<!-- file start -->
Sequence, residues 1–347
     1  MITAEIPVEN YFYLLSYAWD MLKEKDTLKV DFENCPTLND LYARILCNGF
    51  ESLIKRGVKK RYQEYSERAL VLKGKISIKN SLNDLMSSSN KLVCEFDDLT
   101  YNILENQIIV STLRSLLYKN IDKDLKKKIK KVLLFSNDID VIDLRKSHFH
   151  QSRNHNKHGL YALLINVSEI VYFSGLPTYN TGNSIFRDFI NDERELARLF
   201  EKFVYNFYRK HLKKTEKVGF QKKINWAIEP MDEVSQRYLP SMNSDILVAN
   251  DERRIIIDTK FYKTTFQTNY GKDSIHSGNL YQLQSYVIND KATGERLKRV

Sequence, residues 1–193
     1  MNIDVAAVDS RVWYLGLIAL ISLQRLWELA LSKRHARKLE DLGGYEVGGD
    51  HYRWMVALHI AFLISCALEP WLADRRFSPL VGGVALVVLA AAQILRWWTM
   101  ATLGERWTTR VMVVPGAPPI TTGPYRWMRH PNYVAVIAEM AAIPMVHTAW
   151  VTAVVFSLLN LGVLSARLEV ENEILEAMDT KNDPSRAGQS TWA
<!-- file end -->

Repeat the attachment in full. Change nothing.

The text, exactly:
Sequence, residues 1–347
     1  MITAEIPVEN YFYLLSYAWD MLKEKDTLKV DFENCPTLND LYARILCNGF
    51  ESLIKRGVKK RYQEYSERAL VLKGKISIKN SLNDLMSSSN KLVCEFDDLT
   101  YNILENQIIV STLRSLLYKN IDKDLKKKIK KVLLFSNDID VIDLRKSHFH
   151  QSRNHNKHGL YALLINVSEI VYFSGLPTYN TGNSIFRDFI NDERELARLF
   201  EKFVYNFYRK HLKKTEKVGF QKKINWAIEP MDEVSQRYLP SMNSDILVAN
   251  DERRIIIDTK FYKTTFQTNY GKDSIHSGNL YQLQSYVIND KATGERLKRV

Sequence, residues 1–193
     1  MNIDVAAVDS RVWYLGLIAL ISLQRLWELA LSKRHARKLE DLGGYEVGGD
    51  HYRWMVALHI AFLISCALEP WLADRRFSPL VGGVALVVLA AAQILRWWTM
   101  ATLGERWTTR VMVVPGAPPI TTGPYRWMRH PNYVAVIAEM AAIPMVHTAW
   151  VTAVVFSLLN LGVLSARLEV ENEILEAMDT KNDPSRAGQS TWA